In 1910, a year after he co-founded the National Association for the Advancement of Colored People,
W. E. B. Du Bois launched the organization’s influential monthly magazine, The Crisis. Its goal was to reveal “the danger of race prejudice” in order to motivate black activism. Photographs were vital in the publication, a visual approach that was popular with readers.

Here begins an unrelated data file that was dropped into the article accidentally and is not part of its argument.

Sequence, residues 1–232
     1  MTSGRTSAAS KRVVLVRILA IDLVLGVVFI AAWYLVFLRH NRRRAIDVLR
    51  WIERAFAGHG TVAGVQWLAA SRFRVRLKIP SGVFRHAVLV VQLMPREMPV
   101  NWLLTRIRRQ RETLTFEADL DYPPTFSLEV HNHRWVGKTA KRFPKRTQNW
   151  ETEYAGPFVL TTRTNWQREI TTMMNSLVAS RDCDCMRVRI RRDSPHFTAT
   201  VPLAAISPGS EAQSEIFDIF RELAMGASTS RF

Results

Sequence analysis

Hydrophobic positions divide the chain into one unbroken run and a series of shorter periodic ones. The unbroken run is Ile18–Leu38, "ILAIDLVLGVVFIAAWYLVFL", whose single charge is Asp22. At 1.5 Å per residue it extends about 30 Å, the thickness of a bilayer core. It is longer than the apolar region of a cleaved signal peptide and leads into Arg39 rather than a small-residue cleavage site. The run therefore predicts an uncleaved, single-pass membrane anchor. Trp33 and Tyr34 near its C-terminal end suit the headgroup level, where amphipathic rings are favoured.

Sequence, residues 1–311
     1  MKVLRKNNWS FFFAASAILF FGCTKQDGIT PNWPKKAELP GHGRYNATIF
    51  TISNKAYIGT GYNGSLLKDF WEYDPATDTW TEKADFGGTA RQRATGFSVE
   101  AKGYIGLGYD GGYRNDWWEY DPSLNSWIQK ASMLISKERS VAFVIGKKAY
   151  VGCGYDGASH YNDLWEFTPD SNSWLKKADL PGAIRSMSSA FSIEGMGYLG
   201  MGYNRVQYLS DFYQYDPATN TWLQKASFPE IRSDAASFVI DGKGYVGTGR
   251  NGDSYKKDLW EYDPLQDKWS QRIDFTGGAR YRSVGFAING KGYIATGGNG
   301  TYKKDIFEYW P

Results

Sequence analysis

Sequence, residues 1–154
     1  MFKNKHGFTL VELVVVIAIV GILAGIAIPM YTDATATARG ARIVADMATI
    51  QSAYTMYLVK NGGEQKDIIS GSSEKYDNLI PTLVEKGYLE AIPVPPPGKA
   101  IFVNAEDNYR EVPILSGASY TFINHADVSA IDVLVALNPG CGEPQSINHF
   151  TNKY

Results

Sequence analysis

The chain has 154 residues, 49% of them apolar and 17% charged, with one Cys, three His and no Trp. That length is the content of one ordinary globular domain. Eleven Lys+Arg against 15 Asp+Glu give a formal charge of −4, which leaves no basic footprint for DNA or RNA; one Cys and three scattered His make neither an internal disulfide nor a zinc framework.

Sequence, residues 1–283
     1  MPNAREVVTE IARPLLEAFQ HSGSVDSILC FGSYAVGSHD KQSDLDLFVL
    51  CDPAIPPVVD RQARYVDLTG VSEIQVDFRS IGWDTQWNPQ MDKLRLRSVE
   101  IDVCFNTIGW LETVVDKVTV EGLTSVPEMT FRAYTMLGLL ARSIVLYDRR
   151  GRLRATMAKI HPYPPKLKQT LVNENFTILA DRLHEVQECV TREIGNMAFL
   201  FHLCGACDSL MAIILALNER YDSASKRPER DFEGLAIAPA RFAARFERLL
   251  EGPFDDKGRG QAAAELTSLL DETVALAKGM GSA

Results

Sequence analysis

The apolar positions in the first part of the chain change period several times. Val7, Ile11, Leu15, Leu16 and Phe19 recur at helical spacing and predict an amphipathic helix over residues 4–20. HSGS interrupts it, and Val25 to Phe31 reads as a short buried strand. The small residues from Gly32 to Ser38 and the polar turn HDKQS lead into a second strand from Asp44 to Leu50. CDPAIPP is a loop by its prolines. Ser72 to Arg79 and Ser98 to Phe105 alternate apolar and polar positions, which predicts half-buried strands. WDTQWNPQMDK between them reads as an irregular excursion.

Du Bois alternated hard-hitting articles and editorials about racism with stories about black accomplishment. Pictures served as evidence of the gravity of racism and segregation: gruesome shots of violence against black people were often published. But pictures were also used to celebrate or commemorate, as did the photographic portraits that accompanied profiles or obituaries. The interaction between negative and positive imagery was crucial to the magazine’s impact, allowing it to document racial prejudice and at the same time demonstrate, by example, the ability of black people to triumph over it.